Sunday, October 4, 2015         


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Ball-hungry D made the difference in Warriors' surprising season

By Dave Reardon


Over the past decade or so, we've become accustomed to Hawaii perched atop or near the top of NCAA offensive statistics lists — usually passing, total offense and/or receiving ... sometimes it's the team, sometimes individuals, sometimes both.

Just like June Jones said it would happen when he started his nine-year run as UH head coach in 1999.

After a two-year adjustment period with a new defensive-minded head coach in Greg McMackin, this year the Warriors climbed back to the top of the charts. And they have a fine 10-3 record to show for it, as well as a share of the WAC championship.

UH quarterback Bryant Moniz leads the nation in a few categories, including total offense, passing yardage and touchdown passes, with the regular season just about wrapped up.

Two receivers are in the top five; Greg Salas and Kealoha Pilares both with more than a hundred yards per game.

CRITICS ARE quick to decry the numbers as a product of UH's four-wide, pass-first offense, considered a gimmick scheme by much of college football's self-anointed aristocracy.

Sure, big passing numbers are easier to come by in an attack where the ball is thrown as often as it is in the run-and-shoot. But then how do you explain Alex Green's 327-yard rushing game two weeks ago that came without the benefit of a tight end or a blocking back?

Actually, it's not that difficult (to explain, not to do). The threat of the pass makes the run harder to defend. Linebackers are replaced by defensive backs, or are used to double-cover slippery slots like Salas and Pilares. That leaves a lot of open territory for a talented back like Green or Nate Ilaoa to chew up.

It's the opposite of traditional football, when teams would keep running the ball to eventually set up a long play-action pass after the linebackers and safeties cheat up to the line of scrimmage too much.

Of course, another factor in UH's big overall numbers is weak competition; Hawaii had more New Mexico States, San Jose States and UNLVs on the schedule than defenses the caliber of Boise State.

Still, the Warriors offense deserves plenty of credit for steady and spectacular performance for most of the season, which included winning nine of their last 10 games. New offensive coordinator Nick Rolovich has grown nicely into his role, with the assistance of run-and-shoot guru Mouse Davis, who also coaches the receivers. Moniz keeps getting better and better, and the offensive line is much better than expected.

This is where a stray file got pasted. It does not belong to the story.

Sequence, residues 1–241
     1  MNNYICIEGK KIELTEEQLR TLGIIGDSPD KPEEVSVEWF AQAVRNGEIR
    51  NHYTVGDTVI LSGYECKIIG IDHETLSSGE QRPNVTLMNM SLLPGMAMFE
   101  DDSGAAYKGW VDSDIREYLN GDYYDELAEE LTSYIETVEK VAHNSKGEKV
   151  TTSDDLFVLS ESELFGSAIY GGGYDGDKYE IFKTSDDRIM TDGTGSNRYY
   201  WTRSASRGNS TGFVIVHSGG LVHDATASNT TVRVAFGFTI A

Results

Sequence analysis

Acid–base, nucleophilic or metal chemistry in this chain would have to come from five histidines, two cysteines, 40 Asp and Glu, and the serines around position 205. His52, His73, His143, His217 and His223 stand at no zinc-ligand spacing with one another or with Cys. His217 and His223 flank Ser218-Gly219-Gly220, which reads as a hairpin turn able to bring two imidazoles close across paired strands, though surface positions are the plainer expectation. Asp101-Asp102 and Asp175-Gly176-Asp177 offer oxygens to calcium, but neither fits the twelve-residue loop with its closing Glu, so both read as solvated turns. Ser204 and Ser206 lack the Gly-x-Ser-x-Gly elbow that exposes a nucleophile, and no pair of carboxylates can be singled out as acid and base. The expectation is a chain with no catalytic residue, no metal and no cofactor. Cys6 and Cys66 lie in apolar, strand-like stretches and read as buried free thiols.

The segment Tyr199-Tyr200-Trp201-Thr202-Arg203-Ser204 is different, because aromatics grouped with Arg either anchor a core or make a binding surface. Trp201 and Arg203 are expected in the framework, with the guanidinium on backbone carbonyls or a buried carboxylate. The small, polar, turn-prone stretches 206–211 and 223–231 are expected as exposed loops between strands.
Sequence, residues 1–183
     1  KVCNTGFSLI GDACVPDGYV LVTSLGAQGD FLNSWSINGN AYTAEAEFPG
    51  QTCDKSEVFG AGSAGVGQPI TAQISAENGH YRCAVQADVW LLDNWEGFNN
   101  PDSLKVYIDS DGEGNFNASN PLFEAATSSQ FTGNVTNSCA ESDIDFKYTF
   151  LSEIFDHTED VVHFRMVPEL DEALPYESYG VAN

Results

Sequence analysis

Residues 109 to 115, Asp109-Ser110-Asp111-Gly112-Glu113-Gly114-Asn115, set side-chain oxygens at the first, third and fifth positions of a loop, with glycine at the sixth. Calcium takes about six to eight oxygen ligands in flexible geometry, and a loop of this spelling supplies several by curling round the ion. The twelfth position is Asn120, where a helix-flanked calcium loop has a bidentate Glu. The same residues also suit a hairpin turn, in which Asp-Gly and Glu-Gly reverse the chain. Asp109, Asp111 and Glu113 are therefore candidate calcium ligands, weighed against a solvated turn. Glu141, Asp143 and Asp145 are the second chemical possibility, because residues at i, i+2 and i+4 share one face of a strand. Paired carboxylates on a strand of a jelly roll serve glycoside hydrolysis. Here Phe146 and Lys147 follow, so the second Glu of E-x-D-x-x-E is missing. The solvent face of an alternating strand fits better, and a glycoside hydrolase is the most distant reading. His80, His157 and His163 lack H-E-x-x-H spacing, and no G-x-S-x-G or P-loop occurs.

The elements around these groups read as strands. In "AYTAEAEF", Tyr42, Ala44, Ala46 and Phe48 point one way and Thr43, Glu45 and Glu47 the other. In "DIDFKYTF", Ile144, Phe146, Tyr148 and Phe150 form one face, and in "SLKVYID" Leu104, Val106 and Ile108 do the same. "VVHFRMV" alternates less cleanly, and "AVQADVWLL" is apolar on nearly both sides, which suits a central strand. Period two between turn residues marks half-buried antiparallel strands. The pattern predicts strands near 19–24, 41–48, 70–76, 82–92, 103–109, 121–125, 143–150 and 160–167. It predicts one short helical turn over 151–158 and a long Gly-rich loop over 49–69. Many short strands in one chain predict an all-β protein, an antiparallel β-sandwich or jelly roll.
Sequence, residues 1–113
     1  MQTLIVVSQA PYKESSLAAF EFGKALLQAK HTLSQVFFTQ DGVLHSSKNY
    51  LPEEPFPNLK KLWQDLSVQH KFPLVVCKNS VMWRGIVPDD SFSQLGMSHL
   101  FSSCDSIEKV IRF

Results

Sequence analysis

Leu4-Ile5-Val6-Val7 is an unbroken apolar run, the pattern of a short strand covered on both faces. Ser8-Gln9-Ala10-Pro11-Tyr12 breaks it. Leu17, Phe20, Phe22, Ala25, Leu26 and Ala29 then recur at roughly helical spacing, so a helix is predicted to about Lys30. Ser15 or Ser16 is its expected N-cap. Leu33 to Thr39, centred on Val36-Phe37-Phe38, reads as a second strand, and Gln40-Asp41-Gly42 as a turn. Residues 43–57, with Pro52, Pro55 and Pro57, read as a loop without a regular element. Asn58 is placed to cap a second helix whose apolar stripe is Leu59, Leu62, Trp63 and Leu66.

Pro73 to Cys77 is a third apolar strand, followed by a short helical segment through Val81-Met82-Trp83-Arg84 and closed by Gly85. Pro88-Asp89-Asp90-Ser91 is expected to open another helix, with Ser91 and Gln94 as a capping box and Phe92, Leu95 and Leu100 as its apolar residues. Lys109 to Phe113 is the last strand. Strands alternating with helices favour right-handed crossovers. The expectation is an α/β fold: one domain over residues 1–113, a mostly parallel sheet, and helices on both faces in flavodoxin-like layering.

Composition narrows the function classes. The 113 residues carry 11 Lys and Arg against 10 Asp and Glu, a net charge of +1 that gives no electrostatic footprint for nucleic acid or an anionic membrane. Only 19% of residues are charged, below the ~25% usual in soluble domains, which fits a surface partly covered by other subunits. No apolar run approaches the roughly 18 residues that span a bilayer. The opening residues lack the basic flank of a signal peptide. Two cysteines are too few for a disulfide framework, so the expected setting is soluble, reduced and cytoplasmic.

BUT THE aspect that really sets this team apart is the defense, especially its penchant for creating turnovers.

The Warriors lead the nation with 23 interceptions. That's interceptions by their defense, not the pass-happy offense.

"The really incredible thing is we had no interceptions the first three games," defensive backs coach Rich Miano said. "We went from last in the nation to first in the nation."

UH is No. 1 nationally among 120 Division I teams with 36 turnovers gained and No. 2 in turnover margin.

You know what the top four teams in turnover margin have in common? Virginia Tech, Hawaii, Ohio State and Stanford all finished the regular season with at least 10 wins. You have to go all the way down to No. 24 on this list to come across a team without a winning record (Rutgers).

These turnover stats are a lot harder to poo-poo for being the result of a gimmick scheme. For that matter, a closer look validates them. A good chunk of the turnovers came against some of UH's better competition:

» UH safety Mana Silva accounted for 40 percent of the five interceptions Boise State's Kellen Moore threw all season.

» Army is fourth in the nation with just 12 lost turnovers. One of them came against UH when Kamalu Umu forced a Black Knights fumble in the waning minutes, setting up a game-winning score for Hawaii.

» Nevada's Colin Kaepernick threw two of his seven interceptions against Hawaii. He also fumbled twice.

HAWAII HAS forced 31 turnovers in its last 10 games, intercepting at least two passes in every one of them.

A lot of football stats don't mean a thing. But you find a team with a turnover margin like Hawaii's and you find a winner.

Reach Star-Advertiser sports columnist Dave Reardon at, his "Quick Reads" blog at and

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